I say to the Deacons of the Philadelphia Area: Happy Silver Anniversary!!  The Deacons that have gone before you paved the way for you to take ministry out into the remote places of the world where Christ’s love and compassion is desperately needed the most.

Silver is a precious metal that reflects radiance, strength and beauty.  Deacons embody all of these attributes; and I celebrate the light and blessings that they bring to The United Methodist Church always but especially during this milestone year.   

Thursday, June 10, 2021

Lessons we can learn

The painful history of Native American boarding schools

The dark atrocities of the Native American boarding schools are coming to light in recent years. Last week in the news, we learned of a mass grave with over 200 First Nations children. It was discovered at the site one such school in Canada. There have been similar revelations of abuse in boarding schools in this country for many years as well.  

What were these boarding schools?  They were part of a widespread scheme to intentionally assimilate tribal peoples into European culture.  Indigenous parents were forced to give up their children to these educational institutions by white people whose goal was, in the words of one administrator, to “kill the Indian, save the man.”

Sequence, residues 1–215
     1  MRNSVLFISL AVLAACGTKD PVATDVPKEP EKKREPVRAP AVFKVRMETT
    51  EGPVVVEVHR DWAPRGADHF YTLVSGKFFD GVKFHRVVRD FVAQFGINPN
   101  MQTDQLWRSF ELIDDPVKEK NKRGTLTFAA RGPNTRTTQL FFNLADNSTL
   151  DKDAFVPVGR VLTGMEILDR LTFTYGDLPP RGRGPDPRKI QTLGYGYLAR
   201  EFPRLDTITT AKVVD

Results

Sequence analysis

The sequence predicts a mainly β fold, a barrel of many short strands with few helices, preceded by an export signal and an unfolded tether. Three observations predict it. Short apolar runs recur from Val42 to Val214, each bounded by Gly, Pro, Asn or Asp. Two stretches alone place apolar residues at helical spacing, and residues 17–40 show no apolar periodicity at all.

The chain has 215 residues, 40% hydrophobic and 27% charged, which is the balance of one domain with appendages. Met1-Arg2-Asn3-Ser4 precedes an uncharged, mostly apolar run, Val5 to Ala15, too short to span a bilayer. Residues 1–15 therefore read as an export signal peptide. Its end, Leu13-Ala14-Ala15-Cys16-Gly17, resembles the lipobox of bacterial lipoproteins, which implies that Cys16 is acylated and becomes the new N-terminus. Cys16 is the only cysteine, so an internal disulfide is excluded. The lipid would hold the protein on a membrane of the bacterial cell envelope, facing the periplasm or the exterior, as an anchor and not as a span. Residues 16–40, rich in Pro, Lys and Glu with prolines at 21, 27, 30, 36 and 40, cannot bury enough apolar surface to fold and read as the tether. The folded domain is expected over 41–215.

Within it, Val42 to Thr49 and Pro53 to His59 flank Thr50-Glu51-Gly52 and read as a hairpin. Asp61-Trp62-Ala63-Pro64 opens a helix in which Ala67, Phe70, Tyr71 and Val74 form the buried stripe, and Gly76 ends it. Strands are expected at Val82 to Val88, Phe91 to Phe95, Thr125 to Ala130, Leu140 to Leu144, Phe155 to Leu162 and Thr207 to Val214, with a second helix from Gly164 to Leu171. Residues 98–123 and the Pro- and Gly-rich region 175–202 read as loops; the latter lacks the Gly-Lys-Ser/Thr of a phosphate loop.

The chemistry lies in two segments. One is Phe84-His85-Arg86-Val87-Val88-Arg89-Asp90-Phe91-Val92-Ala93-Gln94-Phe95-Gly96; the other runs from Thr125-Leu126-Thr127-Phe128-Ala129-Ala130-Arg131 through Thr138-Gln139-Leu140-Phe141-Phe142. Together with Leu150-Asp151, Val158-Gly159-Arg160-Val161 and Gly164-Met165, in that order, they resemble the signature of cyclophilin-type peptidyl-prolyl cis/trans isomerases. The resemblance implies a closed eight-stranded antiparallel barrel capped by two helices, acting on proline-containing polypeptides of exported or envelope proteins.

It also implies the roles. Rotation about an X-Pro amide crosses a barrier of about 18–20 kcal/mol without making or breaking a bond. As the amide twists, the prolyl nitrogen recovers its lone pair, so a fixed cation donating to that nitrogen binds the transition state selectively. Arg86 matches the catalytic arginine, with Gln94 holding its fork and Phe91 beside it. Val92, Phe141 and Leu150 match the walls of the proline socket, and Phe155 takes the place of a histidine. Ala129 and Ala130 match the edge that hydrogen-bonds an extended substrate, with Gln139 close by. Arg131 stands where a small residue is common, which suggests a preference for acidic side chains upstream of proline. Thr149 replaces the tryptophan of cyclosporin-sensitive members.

Their hair was cut. The use of their native languages was forbidden. Their names were changed. Euro-American-style clothing was required. And they were trained mostly to become skilled in domestic and laborer-type work. They were to become useful to the dominant culture, which had conquered their homelands and subjugated their peoples.  

This was cultural genocide, plain and simple, and yet these schools flourished with an air of respectability for over a century in our country and in Canada. There are still people living today who were forced into these schools and who remember the horrors of the assimilation they endured and the often cruel tactics of the teachers.